My youngest son went on an unusual class trip a few weeks ago. Their tenth grade class had a choice of a number of options, and they decided on what is called a “tiyul shetach” – “survival trip”.
As soon as they got off the bus at their destination, the counselors asked them to turn in their watches and cell phones. This wasn’t a problem for my son (I have written before about how my kids are not addicted to the things) but it was a bit rough for a few of his friends.
For the next few days they could only wash in water that they brought themselves in a bucket, they only ate vegetarian food, they slept in sleeping bags under the stars, they had to take turns keeping watch at night so to keep the animals away, and they learned some very interesting skills. These skills used to be basic for survival, but we have bypassed them in our modern life.
One of the things they learned to do was to chip flint rocks, and weave rope out of plant materials. They then made primitive knives. The next skill was to make a fire – sticks, friction, and dry leaves and twigs.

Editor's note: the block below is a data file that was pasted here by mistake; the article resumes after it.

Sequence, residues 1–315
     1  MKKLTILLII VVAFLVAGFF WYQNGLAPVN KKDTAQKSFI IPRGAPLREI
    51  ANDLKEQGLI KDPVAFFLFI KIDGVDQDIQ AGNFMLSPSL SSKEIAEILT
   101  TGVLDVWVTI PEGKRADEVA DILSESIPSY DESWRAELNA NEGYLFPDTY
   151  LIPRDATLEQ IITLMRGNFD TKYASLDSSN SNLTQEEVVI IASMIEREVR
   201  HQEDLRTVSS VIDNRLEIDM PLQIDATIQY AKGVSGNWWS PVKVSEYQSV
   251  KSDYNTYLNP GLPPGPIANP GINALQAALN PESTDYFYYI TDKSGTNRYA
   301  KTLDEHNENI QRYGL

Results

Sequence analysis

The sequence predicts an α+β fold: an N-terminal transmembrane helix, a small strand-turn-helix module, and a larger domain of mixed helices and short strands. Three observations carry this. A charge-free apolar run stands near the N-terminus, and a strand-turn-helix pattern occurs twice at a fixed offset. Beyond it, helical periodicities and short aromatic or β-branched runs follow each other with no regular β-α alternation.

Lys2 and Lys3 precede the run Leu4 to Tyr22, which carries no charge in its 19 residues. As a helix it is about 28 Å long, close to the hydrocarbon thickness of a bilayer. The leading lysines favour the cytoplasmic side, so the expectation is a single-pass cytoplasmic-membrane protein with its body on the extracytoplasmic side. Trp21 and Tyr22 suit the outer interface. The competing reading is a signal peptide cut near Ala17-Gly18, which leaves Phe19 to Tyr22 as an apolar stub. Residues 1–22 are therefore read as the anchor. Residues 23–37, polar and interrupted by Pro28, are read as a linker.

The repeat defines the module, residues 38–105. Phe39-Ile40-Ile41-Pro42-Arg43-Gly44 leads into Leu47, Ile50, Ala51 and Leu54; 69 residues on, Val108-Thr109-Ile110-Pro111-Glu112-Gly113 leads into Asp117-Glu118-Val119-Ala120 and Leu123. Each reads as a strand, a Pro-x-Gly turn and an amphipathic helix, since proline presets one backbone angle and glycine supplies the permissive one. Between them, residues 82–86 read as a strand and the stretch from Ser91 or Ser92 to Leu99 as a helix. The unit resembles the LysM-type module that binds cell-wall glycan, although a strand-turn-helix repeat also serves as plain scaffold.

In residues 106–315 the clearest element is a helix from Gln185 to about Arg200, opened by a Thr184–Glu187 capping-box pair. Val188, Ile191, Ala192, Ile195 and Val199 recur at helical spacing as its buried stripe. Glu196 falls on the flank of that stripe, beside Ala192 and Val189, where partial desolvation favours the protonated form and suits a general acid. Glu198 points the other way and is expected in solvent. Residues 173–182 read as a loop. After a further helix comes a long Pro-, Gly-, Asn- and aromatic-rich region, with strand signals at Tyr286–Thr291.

They learned about camoflauge. The kids was divided into two, and one group needed to do whatever they could to blend in with the scenery, and the next group needed to find them.
Another skill they learned was what they called “walking like a fox”. They were blindfolded, and needed to place their feet very carefully before taking a step. Each one held onto a rope and was told to proceed all the way until they felt a piece of cloth which told them that they had reached the end. My son said that afterwards they were told to take off the blindfold and see the obstacles that they had walked through. He said that he would never have done it if he didn’t have he blindfold on!
Of course this type of thing is a lot of fun for a sixteen year old boy, but the three days taught the kids other things besides raw skills. When they were taught to build a fire, they were broken up into groups of two. My son said that one by one the other groups were successful in starting a fire, but he and his partner were having a bit of trouble. His partner started to get worried about their lack of progress, and kept looking at everyone else. My son told him, “don’t worry, we’ll do it. It doesn’t matter if other people do it faster, we’ll be ok”. In the end of course they were successful, and they both really enjoyed the sense of accomplishment.
They came back dirty and tired but very happy, and they all agreed that this class trip was a huge success.